Siyam and his lawyer question the fairness of the bidding but also the way Elad gained sway over the building. They question the use of the Absentees’ Property Law to evict the Siyam family. The law was legislated in 1950 to seize the assets of Palestinian refugees as a result of Israel’s 1947-49 War of Independence. According to the law, assets belonging to a person who moved to an enemy state are taken over by the state.
‘Extremely exceptional cases’
Since 1967 settlers have made extensive use of this law to seize assets in East Jerusalem, after proving that owners had moved to the occupied territories or to Jordan. But judges, a government commission of inquiry, attorneys general and other jurists have all criticized the use of this law. Unlike the situation during the War of Independence, these were not cases of refugees abandoning their homes during wartime, leaving behind assets needed to develop the country, as stated in the original law.
Two years ago a seven-member panel of Supreme Court justices ruled that the use of this law in Jerusalem should be limited to “extremely exceptional cases.” Two justices, including the current president, Miriam Naor, contended that there were no such exceptional cases.
Zahalka argues that the custodian should first have tried to return the property to the absentee’s family and not let a Jewish group buy it.
“There is collusion here between the custodian and Elad’s interests,” says Hagit Ofran of Peace Now, which is assisting Siyam. “These aren’t trespassers. It’s the family, the daughter of one of the absentees who is living there. The custodian considers her a trespasser.”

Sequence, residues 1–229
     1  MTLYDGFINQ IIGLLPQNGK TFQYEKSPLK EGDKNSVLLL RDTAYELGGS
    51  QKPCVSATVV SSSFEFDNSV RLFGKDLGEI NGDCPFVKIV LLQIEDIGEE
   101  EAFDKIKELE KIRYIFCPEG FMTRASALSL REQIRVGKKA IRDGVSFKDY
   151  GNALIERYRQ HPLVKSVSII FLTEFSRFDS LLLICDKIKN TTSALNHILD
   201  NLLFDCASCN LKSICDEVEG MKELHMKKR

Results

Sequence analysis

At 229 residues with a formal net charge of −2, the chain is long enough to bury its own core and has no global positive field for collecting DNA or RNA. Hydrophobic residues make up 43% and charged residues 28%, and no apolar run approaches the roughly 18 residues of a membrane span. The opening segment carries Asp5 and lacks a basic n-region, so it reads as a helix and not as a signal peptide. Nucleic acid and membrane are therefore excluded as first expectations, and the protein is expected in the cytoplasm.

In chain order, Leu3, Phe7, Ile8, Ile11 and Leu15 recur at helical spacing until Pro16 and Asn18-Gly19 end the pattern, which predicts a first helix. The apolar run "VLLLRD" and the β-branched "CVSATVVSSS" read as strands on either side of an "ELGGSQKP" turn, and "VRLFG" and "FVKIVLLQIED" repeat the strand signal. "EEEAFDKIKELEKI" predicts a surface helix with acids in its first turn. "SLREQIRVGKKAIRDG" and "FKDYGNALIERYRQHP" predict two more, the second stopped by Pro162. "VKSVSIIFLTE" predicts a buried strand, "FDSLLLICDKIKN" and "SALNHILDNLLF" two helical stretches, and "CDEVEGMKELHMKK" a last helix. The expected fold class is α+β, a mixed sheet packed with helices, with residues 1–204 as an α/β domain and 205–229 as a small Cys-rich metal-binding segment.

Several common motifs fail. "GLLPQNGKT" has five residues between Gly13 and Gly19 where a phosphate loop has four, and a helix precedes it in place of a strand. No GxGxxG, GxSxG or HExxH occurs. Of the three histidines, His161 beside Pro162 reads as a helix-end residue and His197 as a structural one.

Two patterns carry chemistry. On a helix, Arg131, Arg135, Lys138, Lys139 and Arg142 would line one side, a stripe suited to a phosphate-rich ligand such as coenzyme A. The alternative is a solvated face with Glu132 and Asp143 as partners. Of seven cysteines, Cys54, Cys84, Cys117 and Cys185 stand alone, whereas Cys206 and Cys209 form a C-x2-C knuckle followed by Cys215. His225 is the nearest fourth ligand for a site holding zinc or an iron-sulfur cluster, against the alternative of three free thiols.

As Zahalka wrote, “This appears to be a new stage in the wrongful conduct of the Custodian of Absentee Property in Silwan, aimed at helping the settlers.” He calls this “a transparent attempt by the custodian to help the settlers achieve compete control of the property and evict its Palestinian owners."
Israeli and Palestinian activists trying to help Siyam say the issue is much more than a battle over another house that might pass into settler hands. In recent years Elad has managed to seize houses and develop a national park both above and below ground. “The feeling is that if Siyam’s house falls the entire neighborhood falls,” Ofran says.
For its part, the Finance Ministry says “the custodian’s stake in this building was determined in a ruling by District Court Judge Josef Shapira. This ruling that determined the proportional rights over the property was followed by a procedure to dissolve the shared ownership, undertaken by all parties to the dispute. Since the custodian cannot sell property to a private person but only to a development authority that is part of the Israel Land Authority, the state’s stake was given to this authority. The process is proceeding according to the law and the Land Authority’s procedures, and is being monitored by the court.”
Elad said “the property was sold by the Siyam family 20 years ago, freely and for full value. The court determined the sharing of ownership. Thus, to simplify the procedure, the state announced its intention to sell its stake three years ago through an invitation of bids, as is customary in such cases.
“We regret that although this is a routine matter known in advance and carried out in coordination with all owners, there is a family member who does not live in the building and who seeks to exploit this case by misleading the public to advance his extremist political activities. It is the buyers whose rights have been denied for 20 years. They purchased the property in a procedure sanctioned by the court, but have thus far not been able to exercise their rights over this property.”